Use this URL to cite or link to this record in EThOS: https://ethos.bl.uk/OrderDetails.do?uin=uk.bl.ethos.786923
Title: Sounds of nature : what influences judgments of nature-based and non-nature-sounds?
Author: Barton, Rebecca
ISNI:       0000 0004 7972 3526
Awarding Body: University of Surrey
Current Institution: University of Surrey
Date of Award: 2019
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Abstract:
Objectives: This study aims to replicate previous findings that nature-sounds are preferred over non-nature-sounds. It also aims to explore possible links between any feelings or thoughts that sounds evoke in individuals and how they then rate those sounds, and how these might link to current theories of stress reduction and attention restoration. Method: Using a questionnaire design, 104 participants listened to three nature-based and three non-nature-sounds. They were then asked to rate the sounds and invited to describe thoughts and feelings that came to mind whilst listening to the sounds. These written responses were then examined and coded resulting in nine variables being created, such as mentioning a memory, writing in the first person, mentioning nature and positivity of written comment. Mean sound ratings were then compared between responses that did and did not match the variables. Results: Nature-sounds received higher sound ratings than non-nature-sounds and they generated more positive comments. The presence of the above variables also resulted in higher sound ratings overall for the nature-sounds than the non-nature sounds, with the use of positive emotive words, mentioning a memory and mentioning nature having the biggest effects. Conclusion: The results suggest some support for both stress reduction and attention restoration, as well as highlighting a possible role for positive affect and memories that seems to be linked more with nature than non-nature-sounds. This may support the use of nature and nature-sounds in individualised therapeutic interventions that may generate positive emotions, process negative ones, broaden mindsets and, facilitate stress reduction and attention restoration.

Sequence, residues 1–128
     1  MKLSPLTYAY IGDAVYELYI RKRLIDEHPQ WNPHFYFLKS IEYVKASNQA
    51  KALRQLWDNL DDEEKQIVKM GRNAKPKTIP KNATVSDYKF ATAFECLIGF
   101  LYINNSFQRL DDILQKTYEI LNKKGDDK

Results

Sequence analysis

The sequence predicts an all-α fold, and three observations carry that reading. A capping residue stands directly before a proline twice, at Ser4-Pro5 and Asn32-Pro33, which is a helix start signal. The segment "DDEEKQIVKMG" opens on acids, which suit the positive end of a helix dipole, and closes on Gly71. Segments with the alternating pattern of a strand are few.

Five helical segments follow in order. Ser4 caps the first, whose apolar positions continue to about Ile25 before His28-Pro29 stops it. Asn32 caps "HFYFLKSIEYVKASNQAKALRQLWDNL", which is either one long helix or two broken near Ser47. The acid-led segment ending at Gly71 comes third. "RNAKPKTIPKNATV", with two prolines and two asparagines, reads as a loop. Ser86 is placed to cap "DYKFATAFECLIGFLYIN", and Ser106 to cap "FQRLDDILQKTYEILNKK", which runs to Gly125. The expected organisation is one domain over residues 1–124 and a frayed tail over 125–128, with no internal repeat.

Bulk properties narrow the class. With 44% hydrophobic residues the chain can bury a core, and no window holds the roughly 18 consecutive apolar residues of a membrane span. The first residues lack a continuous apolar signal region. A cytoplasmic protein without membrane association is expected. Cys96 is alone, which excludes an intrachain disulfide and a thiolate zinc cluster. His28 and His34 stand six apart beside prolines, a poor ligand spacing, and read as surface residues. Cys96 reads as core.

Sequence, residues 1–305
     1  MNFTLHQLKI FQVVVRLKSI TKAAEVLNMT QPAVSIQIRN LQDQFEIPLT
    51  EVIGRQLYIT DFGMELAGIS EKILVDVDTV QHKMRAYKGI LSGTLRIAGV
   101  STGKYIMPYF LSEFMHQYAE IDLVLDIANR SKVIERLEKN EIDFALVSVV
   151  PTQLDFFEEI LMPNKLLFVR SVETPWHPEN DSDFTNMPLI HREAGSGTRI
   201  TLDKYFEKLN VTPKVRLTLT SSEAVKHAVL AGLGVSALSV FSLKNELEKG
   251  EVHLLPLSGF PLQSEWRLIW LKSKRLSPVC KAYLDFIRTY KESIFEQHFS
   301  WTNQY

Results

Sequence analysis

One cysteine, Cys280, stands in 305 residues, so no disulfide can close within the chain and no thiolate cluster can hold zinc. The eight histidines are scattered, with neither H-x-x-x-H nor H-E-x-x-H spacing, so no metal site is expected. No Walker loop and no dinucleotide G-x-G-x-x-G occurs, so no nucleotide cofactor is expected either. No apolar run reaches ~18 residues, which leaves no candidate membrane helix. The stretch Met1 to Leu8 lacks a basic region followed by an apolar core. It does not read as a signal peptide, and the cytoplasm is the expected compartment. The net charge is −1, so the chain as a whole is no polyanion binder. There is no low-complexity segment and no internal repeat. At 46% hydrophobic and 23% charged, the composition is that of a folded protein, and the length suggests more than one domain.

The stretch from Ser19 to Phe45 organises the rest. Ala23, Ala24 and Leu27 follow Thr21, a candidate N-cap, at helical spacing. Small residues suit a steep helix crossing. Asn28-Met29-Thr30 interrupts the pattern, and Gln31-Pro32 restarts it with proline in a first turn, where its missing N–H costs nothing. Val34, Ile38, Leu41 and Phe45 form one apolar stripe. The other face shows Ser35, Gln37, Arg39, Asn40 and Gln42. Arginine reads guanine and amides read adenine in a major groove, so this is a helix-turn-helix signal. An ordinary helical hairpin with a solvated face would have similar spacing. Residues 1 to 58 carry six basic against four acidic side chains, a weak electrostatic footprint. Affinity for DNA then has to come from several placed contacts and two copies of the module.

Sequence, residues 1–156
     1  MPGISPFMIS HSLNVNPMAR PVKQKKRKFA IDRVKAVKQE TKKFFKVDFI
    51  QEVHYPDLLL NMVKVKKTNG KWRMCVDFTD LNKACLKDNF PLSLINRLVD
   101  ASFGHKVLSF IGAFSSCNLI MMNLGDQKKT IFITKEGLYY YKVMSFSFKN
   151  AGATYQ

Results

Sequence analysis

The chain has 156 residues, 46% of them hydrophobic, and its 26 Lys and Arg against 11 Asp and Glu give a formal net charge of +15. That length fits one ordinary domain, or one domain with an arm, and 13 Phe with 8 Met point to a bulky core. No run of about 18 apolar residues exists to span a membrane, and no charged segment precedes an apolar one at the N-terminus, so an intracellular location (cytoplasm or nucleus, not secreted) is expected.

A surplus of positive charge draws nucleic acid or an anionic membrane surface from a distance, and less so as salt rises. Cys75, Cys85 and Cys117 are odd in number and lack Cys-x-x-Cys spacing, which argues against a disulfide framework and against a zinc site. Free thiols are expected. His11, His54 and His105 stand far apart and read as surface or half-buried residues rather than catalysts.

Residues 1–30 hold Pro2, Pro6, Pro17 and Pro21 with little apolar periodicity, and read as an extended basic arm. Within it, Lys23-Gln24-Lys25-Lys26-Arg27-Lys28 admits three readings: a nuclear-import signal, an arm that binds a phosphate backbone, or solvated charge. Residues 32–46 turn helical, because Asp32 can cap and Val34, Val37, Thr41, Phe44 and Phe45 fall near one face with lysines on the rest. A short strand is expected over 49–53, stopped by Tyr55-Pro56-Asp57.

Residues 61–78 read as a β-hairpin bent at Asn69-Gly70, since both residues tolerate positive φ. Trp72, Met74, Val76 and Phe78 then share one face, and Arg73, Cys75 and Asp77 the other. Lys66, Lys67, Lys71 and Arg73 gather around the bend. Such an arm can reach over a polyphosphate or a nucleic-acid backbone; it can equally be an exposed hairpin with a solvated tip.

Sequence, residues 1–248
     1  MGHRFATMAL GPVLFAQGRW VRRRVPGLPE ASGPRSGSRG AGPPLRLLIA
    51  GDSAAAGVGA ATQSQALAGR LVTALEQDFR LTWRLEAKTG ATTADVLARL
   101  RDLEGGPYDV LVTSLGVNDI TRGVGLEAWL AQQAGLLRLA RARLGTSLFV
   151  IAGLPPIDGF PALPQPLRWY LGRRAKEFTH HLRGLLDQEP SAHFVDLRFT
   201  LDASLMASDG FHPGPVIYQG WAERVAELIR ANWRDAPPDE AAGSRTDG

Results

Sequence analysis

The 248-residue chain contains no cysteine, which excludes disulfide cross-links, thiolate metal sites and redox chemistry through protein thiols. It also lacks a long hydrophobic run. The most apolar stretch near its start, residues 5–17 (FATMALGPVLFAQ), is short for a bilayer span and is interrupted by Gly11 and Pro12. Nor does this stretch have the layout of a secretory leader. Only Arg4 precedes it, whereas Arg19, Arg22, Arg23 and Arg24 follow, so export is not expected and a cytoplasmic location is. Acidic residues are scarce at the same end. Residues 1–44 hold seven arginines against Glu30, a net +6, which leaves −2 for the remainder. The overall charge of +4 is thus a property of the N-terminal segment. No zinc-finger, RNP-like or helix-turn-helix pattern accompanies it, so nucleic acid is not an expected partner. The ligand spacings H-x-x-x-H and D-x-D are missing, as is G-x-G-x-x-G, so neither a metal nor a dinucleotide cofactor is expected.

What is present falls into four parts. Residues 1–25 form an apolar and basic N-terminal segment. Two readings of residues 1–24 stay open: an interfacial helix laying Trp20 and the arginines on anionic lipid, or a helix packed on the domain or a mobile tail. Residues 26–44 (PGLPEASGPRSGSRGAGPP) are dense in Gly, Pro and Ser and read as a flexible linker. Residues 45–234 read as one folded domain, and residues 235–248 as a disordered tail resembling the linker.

Supervisor: Draycott, Simon ; Gatersleben, Birgitta Sponsor: University of Surrey
Qualification Name: Thesis (D.Psych.) Qualification Level: Doctoral
EThOS ID: uk.bl.ethos.786923  DOI:
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